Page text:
How do I know I’m a tad more resilient? Take for instance a too-common classroom situation where I feel my anxiety rising into full-on frustration. I can sense the tell-tale signs I’m about to burst…and maybe I do, but I can keep on with the day and practically forget I danced on the edge.

Some days are better than others. Growth and recovery aren’t linear. But I say I’m proud of where I’ve come, even from a month or two ago.

There’s so much more to come.

Not only was I pursuing goals of confidence, but I was also beginning the ever-daunting process of finding a job. I think anyone can attest, the hunt is a roller coaster of thoughts and emotions.

Especially since I’m in American Samoa until next June, everything related to life after service feels…out of reach. Unreal. Even the fact it’s the last day of November isn’t sinking in whatsoever. I have zilch festive feelings. A lack of seasonal change of any kind (besides just getting HOTTER) is really throwing me off.

Graduating college in May, I succumbed to a summer’s-long existential crisis: what the HECK am I doing? For the longest time, I couldn’t even nail down a single career field to pursue. I’m very much a dreamer who can conjure up a hundred-and-one ideas, but don’t ask me how to logically make any of them a reality.

I still feel lost in that bubble of confusion and unpracticality, but I’m closer to the bubble’s surface. I can see some of the outside world, the steps toward making a life as a lost, struggling millennial. Fingers crossed that one of my many phone interviews leads to more. Until then, I hopefully can utilize my sapling confidence to find where I belong.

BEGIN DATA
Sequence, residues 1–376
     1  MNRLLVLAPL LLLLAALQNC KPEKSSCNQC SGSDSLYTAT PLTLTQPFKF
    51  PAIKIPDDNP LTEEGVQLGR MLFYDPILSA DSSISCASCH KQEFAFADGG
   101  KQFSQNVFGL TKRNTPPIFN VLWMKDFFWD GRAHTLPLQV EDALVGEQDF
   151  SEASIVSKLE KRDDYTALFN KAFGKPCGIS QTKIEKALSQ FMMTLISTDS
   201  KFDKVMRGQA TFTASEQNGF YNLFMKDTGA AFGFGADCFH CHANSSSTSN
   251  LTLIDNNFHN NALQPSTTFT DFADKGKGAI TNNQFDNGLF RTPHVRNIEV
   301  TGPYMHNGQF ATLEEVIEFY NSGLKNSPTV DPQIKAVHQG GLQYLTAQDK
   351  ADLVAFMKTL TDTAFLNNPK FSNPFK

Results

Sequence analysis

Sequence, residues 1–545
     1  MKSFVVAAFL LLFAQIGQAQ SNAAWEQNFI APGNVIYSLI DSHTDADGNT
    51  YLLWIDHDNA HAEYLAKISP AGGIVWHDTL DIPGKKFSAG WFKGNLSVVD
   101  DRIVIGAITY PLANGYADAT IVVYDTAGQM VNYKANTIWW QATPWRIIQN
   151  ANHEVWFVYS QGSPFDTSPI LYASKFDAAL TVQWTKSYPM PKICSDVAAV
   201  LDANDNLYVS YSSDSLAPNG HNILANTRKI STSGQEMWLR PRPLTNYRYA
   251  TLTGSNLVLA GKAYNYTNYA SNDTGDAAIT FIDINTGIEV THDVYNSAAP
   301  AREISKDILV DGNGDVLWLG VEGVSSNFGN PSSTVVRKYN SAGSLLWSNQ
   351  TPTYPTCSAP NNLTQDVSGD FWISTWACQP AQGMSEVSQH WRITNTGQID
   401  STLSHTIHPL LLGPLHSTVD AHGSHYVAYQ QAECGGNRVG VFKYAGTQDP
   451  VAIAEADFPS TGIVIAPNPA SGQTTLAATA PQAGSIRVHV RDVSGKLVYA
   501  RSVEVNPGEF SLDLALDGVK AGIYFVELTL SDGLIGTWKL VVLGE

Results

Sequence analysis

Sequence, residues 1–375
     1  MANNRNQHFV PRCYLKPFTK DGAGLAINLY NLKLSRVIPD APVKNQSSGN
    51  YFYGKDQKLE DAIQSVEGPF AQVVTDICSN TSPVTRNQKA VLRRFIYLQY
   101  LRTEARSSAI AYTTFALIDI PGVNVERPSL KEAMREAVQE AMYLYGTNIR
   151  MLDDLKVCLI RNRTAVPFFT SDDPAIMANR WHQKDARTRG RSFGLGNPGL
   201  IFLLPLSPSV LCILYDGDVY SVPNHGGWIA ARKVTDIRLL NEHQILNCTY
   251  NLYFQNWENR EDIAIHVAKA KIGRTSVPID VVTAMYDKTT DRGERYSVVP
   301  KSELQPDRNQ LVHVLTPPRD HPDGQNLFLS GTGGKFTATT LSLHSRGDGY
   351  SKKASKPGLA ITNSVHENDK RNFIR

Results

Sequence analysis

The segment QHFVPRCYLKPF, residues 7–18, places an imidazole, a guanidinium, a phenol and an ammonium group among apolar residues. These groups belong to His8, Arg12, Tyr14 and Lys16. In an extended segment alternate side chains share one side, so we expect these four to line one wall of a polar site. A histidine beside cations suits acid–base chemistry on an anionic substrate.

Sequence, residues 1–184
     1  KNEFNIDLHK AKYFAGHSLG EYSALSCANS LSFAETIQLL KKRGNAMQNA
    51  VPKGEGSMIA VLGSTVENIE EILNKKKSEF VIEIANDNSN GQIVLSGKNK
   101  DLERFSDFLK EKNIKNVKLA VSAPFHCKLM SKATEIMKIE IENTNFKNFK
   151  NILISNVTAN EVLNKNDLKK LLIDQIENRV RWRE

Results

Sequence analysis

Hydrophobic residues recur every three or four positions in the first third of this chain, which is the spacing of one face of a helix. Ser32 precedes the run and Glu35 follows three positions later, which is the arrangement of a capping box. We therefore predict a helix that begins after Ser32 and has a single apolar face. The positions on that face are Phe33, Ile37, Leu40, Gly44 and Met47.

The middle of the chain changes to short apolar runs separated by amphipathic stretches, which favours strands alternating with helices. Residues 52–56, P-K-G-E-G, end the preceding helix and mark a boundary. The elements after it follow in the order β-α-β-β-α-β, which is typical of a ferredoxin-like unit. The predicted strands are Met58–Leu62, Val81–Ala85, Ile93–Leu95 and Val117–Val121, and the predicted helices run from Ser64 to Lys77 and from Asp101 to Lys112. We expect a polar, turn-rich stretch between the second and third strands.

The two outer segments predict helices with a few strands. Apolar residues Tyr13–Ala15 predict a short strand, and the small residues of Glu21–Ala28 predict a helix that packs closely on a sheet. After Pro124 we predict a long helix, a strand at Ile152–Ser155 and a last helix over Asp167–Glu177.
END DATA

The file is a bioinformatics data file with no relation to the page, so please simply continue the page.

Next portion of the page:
Yoga is awesome.

This last one is a bonus, but seriously, what a gamechanger. Only one time before did I try making yoga a regular habit, but this time around, it’s been my evening go-to. My routine feels incomplete without it.

With all the eating disorder and body dysmorphia jazz, my relationship with any exercise has been rocky at best. Any bit of cardio means that, the entire time, I’m thinking about burning calories. Even if I don’t act on my thoughts doesn’t mean they dissipate. The ED voice is always there, and exercise is a go-to place to blast the blowhorn.

Yoga has been much different. Thanks to humidity, my time always turns into “hot yoga,” but my thoughts focus upon my poses, my posture, how my body is stretching, how good it feels. It’s a rare half-hour of mental stillness.

And unlike other exercise? I truly want to do it every day, not because I feel like I should, or I ate too much that day, or I “feel” like a busted tube of biscuits.

So. Long story short, miracles didn’t transpire this month, but progress did. That’s all I can ask for. I hope every month becomes one aimed toward confidence, wisdom, and love for self and all. I’m trying to feel like I deserve that, as much as I believe everybody deserves all those things and more.

Take care, and keep the faith. -Allie